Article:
This flaw was that this referendum vote was not organised by mutual consultation and agreement with the central government in Madrid. As a result, this did not have legal legitimacy. The Spanishgovernment too erred in not taking a lesson from the Canadian and British experience of following the consensual path and used repressive methods to thwart the vote. Those methods, or even more brutal than those, which are commonly used by most governments in the developing world are not compatible with the developed democratic culture of Europe with higher standards of human rights. That has landed the Spanish government in a weak spot- morally and politically. It will weaken itself further if it now spurns the Catalan offer of dialogue and abrogates the current autonomy Catalan enjoys by imposing central rule there.

Given the present impasse, the mediation by European Union is the only way forward to agree the negotiated path to resolve this dispute. The resolution may turn out to be neither complete independence for Catalan nor more centralised control from Madrid, but converting Spain into a confederation with increased internal economic, political and cultural autonomy to Catalan and perhaps to other regions too such as Basque and Galicia. The manner in which this conflict is resolved or not resolved is likely to be of significance far beyond Spain and Europe.

The writer is Professor of Economics at Oxford Brookes University, Oxford

Source: http://www.tribuneindia.com/news/comment/catalonia-not-yet-independent/482677.html

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Death Penalty: HRCP For Urgent Safeguards To Comply With State Obligations

Alternatives International - Tue, 10/10/2017 - 17:00

Lahore, October 10, 2017: On the World Day against the Death Penalty on October 10, the Human Rights Commission of Pakistan (HRCP) has urged the government to urgently institute safeguards to ensure that a generalised resumption of executions does not violate Pakistan's human rights obligations.

In a statement issued to the media, the Commission said: “As we observe the 15th World Day against the Death Penalty, HRCP calls upon the government to take stock of the pressing issues that have arisen ever since it terminated the moratorium in December 2014.

“In addition to the various and well-documented challenges that a generalised recourse to capital punishment presents, there is an urgent need to introduce safeguards in instances where the age of the convict or his or her mental or physical ability is in question.”

Furthermore, the socio-economic status of a convict tends to be directly proportional to their risk of being sentenced to death and execution. This year the World Day against Death Penalty is bringing into focus the link between poverty and capital punishment.

“While HRCP calls upon the government to suspend the death penalty in the country as a first step towards abolition, it demands that these new issues should be urgently addressed through a conscious policy and not merely through last minute action in response to pleas from civil society in individual cases.”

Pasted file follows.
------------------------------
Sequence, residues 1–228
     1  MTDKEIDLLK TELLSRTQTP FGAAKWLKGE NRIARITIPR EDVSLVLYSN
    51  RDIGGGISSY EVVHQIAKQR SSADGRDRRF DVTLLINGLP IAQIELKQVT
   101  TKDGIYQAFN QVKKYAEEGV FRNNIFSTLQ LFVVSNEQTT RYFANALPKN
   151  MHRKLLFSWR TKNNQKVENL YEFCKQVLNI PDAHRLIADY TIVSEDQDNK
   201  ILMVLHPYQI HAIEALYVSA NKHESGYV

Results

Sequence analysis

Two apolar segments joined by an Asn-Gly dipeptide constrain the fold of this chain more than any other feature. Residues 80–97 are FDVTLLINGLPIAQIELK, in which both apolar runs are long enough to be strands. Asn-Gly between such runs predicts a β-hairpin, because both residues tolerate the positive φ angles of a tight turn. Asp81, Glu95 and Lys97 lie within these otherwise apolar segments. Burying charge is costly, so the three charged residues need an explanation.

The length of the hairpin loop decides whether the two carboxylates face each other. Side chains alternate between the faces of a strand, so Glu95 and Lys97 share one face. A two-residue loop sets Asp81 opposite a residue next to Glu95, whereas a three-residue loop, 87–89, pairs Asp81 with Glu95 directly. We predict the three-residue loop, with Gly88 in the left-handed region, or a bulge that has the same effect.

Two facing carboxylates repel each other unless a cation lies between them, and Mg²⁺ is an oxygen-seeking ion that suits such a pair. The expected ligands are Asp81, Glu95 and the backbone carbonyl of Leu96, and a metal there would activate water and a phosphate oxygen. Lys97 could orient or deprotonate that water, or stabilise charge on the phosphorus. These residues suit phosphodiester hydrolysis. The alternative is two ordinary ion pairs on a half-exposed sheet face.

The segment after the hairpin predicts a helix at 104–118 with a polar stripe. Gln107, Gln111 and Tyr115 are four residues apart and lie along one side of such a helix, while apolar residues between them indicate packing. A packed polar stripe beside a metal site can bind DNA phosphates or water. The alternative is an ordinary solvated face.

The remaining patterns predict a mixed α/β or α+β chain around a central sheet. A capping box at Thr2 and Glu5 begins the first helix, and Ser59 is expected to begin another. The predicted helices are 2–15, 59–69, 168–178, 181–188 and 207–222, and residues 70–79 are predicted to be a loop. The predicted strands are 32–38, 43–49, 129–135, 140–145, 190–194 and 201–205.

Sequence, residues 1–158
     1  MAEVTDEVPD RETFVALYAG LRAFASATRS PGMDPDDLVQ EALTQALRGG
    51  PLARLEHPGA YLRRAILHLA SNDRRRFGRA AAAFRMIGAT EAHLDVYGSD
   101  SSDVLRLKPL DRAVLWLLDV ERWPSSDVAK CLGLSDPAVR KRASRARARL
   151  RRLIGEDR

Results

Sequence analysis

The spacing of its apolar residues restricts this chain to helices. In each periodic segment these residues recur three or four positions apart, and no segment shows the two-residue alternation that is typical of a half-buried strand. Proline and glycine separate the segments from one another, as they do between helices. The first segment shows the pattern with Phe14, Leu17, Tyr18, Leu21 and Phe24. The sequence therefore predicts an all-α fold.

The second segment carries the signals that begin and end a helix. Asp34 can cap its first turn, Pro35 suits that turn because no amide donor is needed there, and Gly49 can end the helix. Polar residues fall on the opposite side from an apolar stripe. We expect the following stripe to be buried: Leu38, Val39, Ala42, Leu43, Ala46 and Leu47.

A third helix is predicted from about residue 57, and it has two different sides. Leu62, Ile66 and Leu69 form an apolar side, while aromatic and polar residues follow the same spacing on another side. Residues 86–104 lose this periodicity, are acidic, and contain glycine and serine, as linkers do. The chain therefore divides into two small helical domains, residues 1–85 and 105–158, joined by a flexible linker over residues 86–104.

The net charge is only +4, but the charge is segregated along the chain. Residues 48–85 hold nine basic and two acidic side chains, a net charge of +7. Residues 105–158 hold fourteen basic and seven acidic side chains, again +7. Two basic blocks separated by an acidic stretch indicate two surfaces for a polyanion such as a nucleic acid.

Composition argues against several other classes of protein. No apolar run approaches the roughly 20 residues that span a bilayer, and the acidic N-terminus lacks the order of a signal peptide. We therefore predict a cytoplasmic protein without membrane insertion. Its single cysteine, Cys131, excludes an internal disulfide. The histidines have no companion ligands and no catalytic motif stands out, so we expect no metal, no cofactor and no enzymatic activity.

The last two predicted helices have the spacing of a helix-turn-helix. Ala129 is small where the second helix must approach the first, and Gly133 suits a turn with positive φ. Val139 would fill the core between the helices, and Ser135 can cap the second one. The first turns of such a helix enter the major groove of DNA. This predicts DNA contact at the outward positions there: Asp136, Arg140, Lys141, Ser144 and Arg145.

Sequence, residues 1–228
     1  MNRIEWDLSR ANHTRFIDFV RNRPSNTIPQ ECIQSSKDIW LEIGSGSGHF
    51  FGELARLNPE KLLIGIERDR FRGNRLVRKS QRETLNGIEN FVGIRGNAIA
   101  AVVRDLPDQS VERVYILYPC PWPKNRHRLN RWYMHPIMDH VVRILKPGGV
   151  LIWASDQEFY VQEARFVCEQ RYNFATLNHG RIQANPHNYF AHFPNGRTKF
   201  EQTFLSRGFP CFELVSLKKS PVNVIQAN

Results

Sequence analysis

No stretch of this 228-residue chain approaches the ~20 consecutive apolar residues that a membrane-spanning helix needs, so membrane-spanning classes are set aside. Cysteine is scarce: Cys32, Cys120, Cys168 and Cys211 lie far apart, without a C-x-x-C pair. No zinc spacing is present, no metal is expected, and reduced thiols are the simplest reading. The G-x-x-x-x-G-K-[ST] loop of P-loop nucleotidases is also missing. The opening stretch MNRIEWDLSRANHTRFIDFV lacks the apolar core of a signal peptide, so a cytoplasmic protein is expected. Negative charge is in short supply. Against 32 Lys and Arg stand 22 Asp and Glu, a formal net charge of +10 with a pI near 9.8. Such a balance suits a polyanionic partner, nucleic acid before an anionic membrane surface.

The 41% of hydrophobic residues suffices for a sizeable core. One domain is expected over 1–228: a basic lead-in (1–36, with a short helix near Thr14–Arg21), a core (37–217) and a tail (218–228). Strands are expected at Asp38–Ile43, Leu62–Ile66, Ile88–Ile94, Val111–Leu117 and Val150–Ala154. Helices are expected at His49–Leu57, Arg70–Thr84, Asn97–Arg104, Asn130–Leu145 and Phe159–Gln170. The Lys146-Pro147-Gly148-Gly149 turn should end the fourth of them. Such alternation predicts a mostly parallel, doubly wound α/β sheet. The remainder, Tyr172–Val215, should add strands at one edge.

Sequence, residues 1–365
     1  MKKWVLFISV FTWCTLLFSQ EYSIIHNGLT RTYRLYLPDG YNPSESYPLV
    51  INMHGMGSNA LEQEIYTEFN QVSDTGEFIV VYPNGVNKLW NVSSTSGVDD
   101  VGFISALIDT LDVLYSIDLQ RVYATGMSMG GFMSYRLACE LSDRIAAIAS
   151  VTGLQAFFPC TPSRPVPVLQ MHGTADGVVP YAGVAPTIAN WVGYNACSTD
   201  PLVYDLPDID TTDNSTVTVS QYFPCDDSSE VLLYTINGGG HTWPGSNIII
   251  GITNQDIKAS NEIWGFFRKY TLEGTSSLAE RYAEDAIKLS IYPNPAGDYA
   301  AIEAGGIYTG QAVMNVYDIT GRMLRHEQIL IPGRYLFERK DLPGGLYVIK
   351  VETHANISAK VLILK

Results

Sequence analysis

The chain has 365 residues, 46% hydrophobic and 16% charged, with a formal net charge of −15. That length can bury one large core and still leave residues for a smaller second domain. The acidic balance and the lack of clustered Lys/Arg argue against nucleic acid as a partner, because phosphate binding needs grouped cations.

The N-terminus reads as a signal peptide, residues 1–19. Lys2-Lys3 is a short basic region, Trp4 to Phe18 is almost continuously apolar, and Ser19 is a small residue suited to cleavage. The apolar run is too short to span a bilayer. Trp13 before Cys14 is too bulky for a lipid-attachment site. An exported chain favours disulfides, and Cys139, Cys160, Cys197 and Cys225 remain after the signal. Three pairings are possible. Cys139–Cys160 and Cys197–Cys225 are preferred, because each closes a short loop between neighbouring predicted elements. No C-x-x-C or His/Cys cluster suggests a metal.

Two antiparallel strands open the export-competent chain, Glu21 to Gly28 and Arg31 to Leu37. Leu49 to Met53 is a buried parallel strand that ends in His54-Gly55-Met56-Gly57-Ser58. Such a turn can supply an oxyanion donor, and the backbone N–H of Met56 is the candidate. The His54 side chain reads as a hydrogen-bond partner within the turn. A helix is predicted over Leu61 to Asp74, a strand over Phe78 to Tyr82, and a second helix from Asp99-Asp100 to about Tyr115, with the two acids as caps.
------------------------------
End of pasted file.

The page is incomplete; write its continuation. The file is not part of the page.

Dr Mehdi Hasan

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Rohingyas Near End: 'Terror There Is, But It's Of The Burmese Regime'

Alternatives International - Thu, 10/05/2017 - 14:06

The Burmese government is pursuing a policy of ethnic cleansing against the Rohingya, who are being driven out of the country. Never has the persecution of this Muslim minority reached such a level of violence. The nature of the Burmese regime, the policy of land grabbing and the geopolitical stakes are largely responsible for the paroxysmal nature of this humanitarian crisis.

The Rohingya constitute one of the main stateless populations in the world. This has not always been the case. The Burmese authorities have gradually deprived them of previously recognized rights, imposed increasing restrictions on economic activity, marriage, access to education, and have violently repressed them to reach the point of this wave of terror that resembles a systematic policy of ethnic cleansing: the Rohingya must die or leave to never return.

Rohingya means “inhabitants of the Rohang”, a name formerly given by this largely Muslim population to the Arakan – “inhabitants of the Arakan”, therefore. The current Burmese authorities deny them the right to call themselves so, since they consider them foreigners.

Burma is composed of fourteen states and administrative regions. The official name of the Arakan is Rakhine State. It is located in the centre-west of the country, bordering the Gulf of Bengal, and shares a short border with Bangladesh. The Rakhine is also inhabited by a Buddhist population, itself marginalized and discriminated against: it is indeed the poorest state in the country. There do not seem to have been any particularly violent conflicts between the two communities in the past.

The history of the Rohingya is poorly known, and has become the subject of political controversy. However, the presence of Rohingya in Arakan goes back a long way in the past. On the other hand, a wave of immigration took place in the late 19th and early 20th century, during the reign of the British - which the Burmese nationalists reproach the Rohingya for.

The question of citizenship is complex in Burma: it does not automatically grant the same rights to everyone. The Kam (Muslims) are thus recognized, but their freedom of action remains strictly controlled. The Rohingya have in the past had identity cards and the right to vote in certain elections.

Creating stateless persons